Chronic pain is thought to arise because of maladaptive changes occurring within the peripheral nervous system and CNS. The transition from acute to chronic pain is known to involve the spinal cord (Woolf and Salter, 2000). Therefore, to investigate altered human spinal cord function and translate results obtained from other species, a noninvasive neuroimaging technique is desirable. We have investigated the functional response in the cervical spinal cord of 18 healthy human subjects (aged 22-40 years) to noxious thermal and non-noxious tactile stimulation of the left and right forearms. Physiological noise, which is a significant source of signal variability in the spinal cord, was accounted for in the general linear model. Group analysis, performed using a mixed-effects model, revealed distinct regions of activity that were dependent on both the side and the type of stimulation. In particular, thermal stimulation on the medial aspect of the wrist produced activity within the C6/C5 segment ipsilateral to the side of stimulation. Similar to data recorded in animals (Fitzgerald, 1982), painful thermal stimuli produced increased ipsilateral and decreased contralateral blood flow, which may reflect, respectively, excitatory and inhibitory processes. Nonpainful punctate stimulation of the thenar eminence provoked more diffuse activity but was still ipsilateral to the side of stimulation. These results present the first noninvasive evidence for a lateralized response to noxious and non-noxious stimuli in the human spinal cord. The development of these techniques opens the path to understanding, at a subject-specific level, central sensitization processes that contribute to chronic pain states.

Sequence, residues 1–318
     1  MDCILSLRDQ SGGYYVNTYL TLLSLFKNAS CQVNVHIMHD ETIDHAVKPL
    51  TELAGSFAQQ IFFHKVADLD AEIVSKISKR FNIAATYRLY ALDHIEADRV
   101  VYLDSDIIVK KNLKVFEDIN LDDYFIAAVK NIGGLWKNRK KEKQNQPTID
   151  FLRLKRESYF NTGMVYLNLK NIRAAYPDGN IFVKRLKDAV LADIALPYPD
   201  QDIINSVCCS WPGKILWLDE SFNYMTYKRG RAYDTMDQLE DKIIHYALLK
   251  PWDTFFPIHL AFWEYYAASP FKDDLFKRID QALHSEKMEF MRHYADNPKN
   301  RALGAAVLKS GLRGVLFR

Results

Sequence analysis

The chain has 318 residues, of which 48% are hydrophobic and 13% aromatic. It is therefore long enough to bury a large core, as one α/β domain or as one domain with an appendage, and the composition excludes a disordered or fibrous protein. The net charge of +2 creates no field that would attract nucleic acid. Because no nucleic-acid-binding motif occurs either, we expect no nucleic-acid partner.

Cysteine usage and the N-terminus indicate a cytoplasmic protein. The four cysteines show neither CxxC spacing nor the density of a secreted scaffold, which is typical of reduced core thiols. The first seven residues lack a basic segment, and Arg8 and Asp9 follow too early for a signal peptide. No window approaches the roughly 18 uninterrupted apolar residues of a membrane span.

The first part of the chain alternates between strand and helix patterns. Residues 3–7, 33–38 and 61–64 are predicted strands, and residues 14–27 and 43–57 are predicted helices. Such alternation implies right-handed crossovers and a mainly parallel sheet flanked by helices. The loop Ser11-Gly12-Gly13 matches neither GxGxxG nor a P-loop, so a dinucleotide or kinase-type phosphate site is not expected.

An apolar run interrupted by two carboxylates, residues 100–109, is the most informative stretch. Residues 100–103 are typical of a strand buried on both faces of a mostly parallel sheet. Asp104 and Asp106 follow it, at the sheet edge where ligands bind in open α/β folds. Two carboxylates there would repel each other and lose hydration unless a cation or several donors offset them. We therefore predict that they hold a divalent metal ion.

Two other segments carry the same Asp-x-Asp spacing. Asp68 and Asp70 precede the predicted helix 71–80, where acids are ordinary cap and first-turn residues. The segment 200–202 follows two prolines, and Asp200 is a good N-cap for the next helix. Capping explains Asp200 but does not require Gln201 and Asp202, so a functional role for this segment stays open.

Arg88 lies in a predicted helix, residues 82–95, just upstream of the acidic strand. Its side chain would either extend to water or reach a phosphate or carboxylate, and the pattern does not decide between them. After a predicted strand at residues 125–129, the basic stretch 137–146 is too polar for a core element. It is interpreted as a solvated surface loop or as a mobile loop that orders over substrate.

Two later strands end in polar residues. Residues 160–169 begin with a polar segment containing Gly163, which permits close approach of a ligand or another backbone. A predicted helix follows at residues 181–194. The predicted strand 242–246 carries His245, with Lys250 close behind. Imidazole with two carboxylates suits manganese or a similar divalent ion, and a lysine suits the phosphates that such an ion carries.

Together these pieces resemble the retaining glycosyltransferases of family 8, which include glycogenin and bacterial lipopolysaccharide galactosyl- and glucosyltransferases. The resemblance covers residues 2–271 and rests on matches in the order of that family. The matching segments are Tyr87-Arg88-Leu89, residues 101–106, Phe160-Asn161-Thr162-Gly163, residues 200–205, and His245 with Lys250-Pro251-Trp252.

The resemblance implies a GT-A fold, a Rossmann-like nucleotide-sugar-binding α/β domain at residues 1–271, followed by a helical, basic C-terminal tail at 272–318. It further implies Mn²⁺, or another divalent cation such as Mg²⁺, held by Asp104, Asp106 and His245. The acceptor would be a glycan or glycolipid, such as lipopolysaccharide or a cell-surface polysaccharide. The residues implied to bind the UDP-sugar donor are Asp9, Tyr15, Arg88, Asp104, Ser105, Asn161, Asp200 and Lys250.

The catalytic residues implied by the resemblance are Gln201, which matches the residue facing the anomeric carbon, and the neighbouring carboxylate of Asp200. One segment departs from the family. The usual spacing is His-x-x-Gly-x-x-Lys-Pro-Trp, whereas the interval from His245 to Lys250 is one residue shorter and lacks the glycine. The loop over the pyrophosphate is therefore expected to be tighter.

- Brain and Behaviour